10 Interesting Facts About Belize

by Jiyoung Chehade

Belize is known for The Great Blue Hole – Largest Sea Hole in The World, crystal turquoise waters, and even for its mystical Maya Ruins but here are a few facts that are quite intriguing and interesting about this small and beautiful Caribbean destination. 

Great things come in small packages and Belize is no exception. Though our nation is small physically, don’t underestimate the wonders Belize has to offer. Many tourists who come for a short visit end up falling in love and even retiring here. Belize is a country that leaves a lasting impression. Here are a few fun and interesting facts to know about Belize.  

1. Belize has the only Jaguar reserve on the planet known as the Cockscomb Basin Wildlife Sanctuary.

The Cockscomb Basin Wildlife Sanctuary and Jaguar Preserve is located south of Belize and covers about 150 square miles of tropical forest. The preserve was established in 1986 after many years of dedication and persistence by individuals as well as national and international organizations. It is home to around 200 jaguars, the largest concentration of the wild cats’ species in the world. It is also rich with other animals such as parrots, toucans, black howler monkeys, and a host of other species found only in the tropical forests of South America.   

2. Belize has over 450 Cayes otherwise known as islands. It is a UNESCO World Heritage Site.

Belize is part of the larger Mesoamerican Barrier Reef which is continuous from Cancun through the Riviera Maya and down to Honduras. It stretches approximately 190 miles along Belize’s Caribbean coastline. A big area of the reef is protected by the Belize Barrier Reef Reserve System which includes seven marine reserves, 450 cayes or islands, and three distinct atolls: Turneffe Atoll, Glovers Reef and Lighthouse Reef. It is the country’s top tourist attraction, popular with both divers and snorkelers.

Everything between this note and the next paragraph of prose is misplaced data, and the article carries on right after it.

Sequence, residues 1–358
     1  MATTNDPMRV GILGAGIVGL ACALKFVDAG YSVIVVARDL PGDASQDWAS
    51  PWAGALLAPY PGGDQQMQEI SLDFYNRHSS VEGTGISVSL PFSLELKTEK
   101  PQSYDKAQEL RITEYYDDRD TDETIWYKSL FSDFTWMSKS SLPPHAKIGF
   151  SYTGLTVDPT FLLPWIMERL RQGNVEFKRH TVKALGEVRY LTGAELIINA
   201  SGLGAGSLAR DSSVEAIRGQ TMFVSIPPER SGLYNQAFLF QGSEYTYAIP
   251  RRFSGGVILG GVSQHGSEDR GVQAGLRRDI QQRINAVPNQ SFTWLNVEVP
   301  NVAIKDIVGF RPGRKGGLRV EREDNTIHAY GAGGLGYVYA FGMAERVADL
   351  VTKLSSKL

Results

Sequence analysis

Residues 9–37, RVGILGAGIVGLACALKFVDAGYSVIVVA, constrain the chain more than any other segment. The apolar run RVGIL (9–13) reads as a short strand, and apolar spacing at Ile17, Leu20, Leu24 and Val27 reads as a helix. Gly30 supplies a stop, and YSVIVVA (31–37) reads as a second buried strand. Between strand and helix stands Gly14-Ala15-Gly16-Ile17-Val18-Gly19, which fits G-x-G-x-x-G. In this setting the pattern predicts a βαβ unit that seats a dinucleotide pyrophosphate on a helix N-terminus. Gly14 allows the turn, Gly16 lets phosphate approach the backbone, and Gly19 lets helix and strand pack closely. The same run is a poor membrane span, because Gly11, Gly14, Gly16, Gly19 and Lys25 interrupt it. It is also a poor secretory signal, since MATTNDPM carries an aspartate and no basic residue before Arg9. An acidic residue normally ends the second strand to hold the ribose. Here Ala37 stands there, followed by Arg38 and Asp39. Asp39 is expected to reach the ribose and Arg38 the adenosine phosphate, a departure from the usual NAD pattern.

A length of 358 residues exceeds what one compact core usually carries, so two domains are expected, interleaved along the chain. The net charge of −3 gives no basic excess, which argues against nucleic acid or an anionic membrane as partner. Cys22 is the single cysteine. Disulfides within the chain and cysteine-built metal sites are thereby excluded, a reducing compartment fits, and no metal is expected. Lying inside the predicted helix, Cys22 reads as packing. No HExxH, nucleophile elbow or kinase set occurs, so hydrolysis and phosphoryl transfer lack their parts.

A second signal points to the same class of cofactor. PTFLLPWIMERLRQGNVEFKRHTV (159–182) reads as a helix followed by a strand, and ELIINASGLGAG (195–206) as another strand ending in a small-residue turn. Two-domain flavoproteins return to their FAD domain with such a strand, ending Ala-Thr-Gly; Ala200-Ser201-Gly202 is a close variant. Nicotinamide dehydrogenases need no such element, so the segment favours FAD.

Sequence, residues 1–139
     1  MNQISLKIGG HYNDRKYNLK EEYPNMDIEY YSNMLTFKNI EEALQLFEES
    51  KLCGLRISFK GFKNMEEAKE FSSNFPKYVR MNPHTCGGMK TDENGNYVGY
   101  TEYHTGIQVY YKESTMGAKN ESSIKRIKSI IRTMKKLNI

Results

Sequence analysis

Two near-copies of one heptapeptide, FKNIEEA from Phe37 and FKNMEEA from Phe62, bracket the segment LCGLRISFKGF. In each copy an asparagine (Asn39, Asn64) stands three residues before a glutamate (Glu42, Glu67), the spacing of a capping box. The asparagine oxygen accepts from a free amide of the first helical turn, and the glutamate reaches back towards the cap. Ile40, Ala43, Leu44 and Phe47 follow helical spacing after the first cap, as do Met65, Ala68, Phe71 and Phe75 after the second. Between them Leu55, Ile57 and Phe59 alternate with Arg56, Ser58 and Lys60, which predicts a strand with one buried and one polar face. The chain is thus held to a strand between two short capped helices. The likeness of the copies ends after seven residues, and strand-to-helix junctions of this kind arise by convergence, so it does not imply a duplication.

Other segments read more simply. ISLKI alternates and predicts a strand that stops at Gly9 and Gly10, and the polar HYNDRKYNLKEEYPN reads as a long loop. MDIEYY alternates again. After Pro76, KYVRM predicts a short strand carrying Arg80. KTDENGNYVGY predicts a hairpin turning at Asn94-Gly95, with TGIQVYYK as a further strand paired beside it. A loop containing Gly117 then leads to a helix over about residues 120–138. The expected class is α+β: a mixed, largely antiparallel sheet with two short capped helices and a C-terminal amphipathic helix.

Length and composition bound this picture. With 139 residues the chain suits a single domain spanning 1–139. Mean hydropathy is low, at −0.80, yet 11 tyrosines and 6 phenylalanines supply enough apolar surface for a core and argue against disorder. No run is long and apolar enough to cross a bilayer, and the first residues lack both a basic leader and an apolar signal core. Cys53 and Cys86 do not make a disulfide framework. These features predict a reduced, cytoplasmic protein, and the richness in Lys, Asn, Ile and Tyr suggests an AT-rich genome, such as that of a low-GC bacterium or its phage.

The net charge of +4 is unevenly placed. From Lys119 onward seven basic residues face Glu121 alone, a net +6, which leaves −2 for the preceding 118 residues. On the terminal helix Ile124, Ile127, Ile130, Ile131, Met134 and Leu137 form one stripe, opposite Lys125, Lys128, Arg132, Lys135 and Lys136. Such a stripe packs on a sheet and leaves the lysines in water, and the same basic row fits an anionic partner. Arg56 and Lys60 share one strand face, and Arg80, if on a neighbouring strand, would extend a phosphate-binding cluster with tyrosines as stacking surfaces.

3. Belize has 12 major Maya ruins and one of the tallest ruins in the world.

Belize is known as the headquarters of the ancient Maya World. It was home to more than 2 million Mayas. The Maya civilization left their permanent mark on our landscape through their Mayan sites such as Caracol, Xunantunich, Lamanai, Nim Li Punit, and Altun Ha as well as numerous other large cities that are still awaiting exploration in the jungles and rainforests. 

Caracol is the largest Maya city ever excavated in Belize and the tallest structure in Belize. Caracol’s “Sky Place” stands at a height of 137 feet tall and has over 100 tombs. It is a popular site that features majestic temples with a breath-taking view of the surrounding  Chiquibul forest reserve. 

4. Belize has the world’s largest sea sinkhole, The Great Blue Hole.

The Great Blue Hole sits near the center of the Lighthouse Reef. It is a 407 feet deep and 984 ft wide depression in the center of the sea. It is also part of the Belize Barrier Reef Reserve System. This site was made famous by Jacques Cousteau who affirmed it was one of the top scuba diving sites in the world. 

5. The Hershey chocolate company based their cacao plantation in Belize.

Yes, the world-renowned producer of chocolate kisses, Hershey (largest chocolate producer in the world) had their cacao farm located along the Hummingbird Highway, south of the City of Belmopan. They made cocoa and processed some here. They invested in cacao trees and supported many local farmers financially from 1984 to 1987. Unfortunately, the world price for cacao dropped and Hershey moved out of Belize. Many farmers growing cacao suffered huge financial losses while others went out of business. However, in the 1990s Green and Black, an organic chocolate maker now owned by the Cadbury Chocolate Company joined forces with the Toledo Cacao Growers Association (TCGA) to produce organic cacao for the European market.